As the government yesterday slammed a report by Freedom House for rating the Kingdom as not free, vice president of the Cambodian Human Rights Committee Chin Malin sat down with Khmer Times during a Cross-Talk interview to defend the country’s human rights track record.
Mr Malin, who is also the Justice Ministry’s spokesman, said the government is currently reviewing about 200 recommendations made by 73 countries during last month’s United Nations’ Human Rights Council’s Universal Periodic Review in Geneva, Switzerland.
A Cambodian delegation made of various ministries was led by CHRC president Keo Remy to attend the UPR, where Cambodia was one of 14 states reviewed.
The delegation defended the Kingdom’s rights record as the UN’s UPR suggested the government improve the Kingdom’s human rights track record.
Mr Malin yesterday said CHRC will soon hold a meeting with ministries, development partners and members of civil society to consider which recommendations should be implemented by the government.
“In general, we will consider which recommendations we should accept to implement because we can’t implement them all as some are against Cambodian laws, contradictory to what is actually happening on the ground or do not reflect efforts made by the government,” he said.
Mr Malin said Cambodia will submit a response prior to the 41st session of the UN Human Rights Council in July.
During the Cross-Talk interview, Mr Malin noted that Cambodia had two choices: accept the recommendations and implement them immediately, or have discussions with institutions upon returning from Geneva.
“We have not consulted with the institutions on which recommendations we should accept. In principle, we only accept constructive recommendations,” he said.
We can’t accept [political] recommendations because they oppose Cambodian laws and interfere with the independence of the judiciary.”
Member states such as the United States, France and the United Kingdom said the government should allow banned former opposition politicians to return to politics, while China said the international community “should respect the will of the Cambodian people and its government”.
“I don’t understand those countries, they criticise our courts as not independent and accused our government of interfering in the court’s affairs, but they recommended that the government interfere in the court’s affairs,” Mr Malin added. “Most of the political criticisms were related to Kem Sokha and the Cambodia National Rescue Party – [Western countries] want Kem Sokha released, the CNRP reinstated and the political rights of its senior officials reinstated.”
Soeng Sen Karuna, senior investigator with rights group Adhoc, yesterday said the government should focus on easing political tension and implementing recommendations that would solve the current political crisis.
“We should also accept the political criticisms because those are the keys needed to ease tensions and the political crisis,” he said. “We should understand that these recommendations were based on individual accounts, via the evaluation of the UN’s Office of the High Commissioner for Human Rights and other local civil society reports.”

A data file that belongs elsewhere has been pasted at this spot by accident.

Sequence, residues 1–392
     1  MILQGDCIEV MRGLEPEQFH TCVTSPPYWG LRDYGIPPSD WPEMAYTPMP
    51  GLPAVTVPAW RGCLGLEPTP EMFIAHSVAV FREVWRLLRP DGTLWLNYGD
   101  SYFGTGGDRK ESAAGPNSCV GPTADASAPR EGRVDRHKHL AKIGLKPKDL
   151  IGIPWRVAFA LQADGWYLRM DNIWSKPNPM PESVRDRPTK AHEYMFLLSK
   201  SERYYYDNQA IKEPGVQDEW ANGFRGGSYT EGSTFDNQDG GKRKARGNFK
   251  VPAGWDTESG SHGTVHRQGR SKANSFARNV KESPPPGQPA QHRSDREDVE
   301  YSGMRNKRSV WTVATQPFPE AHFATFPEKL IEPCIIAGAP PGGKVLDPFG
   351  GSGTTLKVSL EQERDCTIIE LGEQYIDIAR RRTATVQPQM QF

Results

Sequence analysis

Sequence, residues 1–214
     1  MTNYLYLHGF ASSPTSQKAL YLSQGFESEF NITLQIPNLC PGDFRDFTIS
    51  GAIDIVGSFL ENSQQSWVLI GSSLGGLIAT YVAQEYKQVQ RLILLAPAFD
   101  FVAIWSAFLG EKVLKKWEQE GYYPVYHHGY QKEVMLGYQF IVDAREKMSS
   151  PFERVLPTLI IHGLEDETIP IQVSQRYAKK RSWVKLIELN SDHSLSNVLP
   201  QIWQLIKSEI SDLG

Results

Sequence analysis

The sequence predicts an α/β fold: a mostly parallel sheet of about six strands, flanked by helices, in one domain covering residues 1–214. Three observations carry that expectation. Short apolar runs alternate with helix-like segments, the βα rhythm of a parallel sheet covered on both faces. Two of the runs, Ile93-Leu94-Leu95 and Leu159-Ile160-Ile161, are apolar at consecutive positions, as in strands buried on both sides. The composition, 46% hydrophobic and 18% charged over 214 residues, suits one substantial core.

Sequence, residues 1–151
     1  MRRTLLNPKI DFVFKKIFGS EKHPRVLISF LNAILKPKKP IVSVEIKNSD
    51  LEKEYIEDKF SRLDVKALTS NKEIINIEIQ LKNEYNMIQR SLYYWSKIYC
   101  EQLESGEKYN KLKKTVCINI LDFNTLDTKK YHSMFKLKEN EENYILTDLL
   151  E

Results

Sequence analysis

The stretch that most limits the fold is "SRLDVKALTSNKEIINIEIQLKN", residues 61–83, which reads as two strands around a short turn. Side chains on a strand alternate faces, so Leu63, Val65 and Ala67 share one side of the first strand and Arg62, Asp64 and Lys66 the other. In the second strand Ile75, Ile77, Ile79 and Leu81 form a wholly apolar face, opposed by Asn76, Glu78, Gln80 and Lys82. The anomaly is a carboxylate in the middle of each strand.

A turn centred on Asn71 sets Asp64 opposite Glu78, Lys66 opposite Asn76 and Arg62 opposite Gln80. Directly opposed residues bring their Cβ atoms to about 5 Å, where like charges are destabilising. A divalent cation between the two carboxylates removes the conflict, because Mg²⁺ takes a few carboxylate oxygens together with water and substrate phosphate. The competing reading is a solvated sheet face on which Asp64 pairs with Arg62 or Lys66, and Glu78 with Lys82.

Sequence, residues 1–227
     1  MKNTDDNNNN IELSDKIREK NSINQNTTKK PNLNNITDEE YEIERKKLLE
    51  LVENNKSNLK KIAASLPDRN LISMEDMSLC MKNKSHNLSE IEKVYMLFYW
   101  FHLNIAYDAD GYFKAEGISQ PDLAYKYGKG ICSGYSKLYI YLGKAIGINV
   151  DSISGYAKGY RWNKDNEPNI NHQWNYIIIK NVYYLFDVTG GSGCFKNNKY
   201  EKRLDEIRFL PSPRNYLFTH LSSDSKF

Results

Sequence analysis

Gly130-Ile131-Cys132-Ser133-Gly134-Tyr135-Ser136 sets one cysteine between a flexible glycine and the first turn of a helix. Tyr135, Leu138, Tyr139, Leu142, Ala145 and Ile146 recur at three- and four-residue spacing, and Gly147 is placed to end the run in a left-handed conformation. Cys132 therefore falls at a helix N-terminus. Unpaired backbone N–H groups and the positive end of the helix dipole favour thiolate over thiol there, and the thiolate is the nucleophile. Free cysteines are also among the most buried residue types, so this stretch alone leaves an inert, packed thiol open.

Meanwhile, government spokesman Phay Siphan yesterday slammed a report from US-based NGO Freedom house ranking the Kingdom as “not free”.
According to Freedom House, civil liberties and political rights scored five out of seven and six out of seven, respectively. It noted that a score of seven is considered “least free”.
He said the report was made to discredit the government and that it was politically motivated and baseless.
“The Cambodian government would not do anything just to please an international organisation that is politically motivated,” Mr Siphan said. “The report had no clear evidence to convince us otherwise.”
He said that the government is on the right track toward economic development and respecting the rule of law.
“Cambodia’s freedom is not defined by this foreign NGO,” Mr Siphan said. “I believe our people know how much effort the government has put in to ensure peace and security.”
CPP spokesman Sok Eysan said the report did not reflect what is actually going on in the Kingdom.
“Civil liberties and political rights in Cambodia are much better if we compare with neighbouring countries,” he said. “The evaluation made by Freedom House does not represent what is actually happening – the report is politically motivated.”
According to Freedom House, last year’s national election was severely repressive and voters had no meaningful choices due to the dissolution of the CNRP.
Mr Sen Karuna said the government should consider what the report said, noting that many local civil society groups share the same sentiment as Freedom House.
“A lot of countries have faith in this report because it had clear arguments and supporting ideas,” Mr Sen Karuna said. “I think the government should accept their faults and make changes.”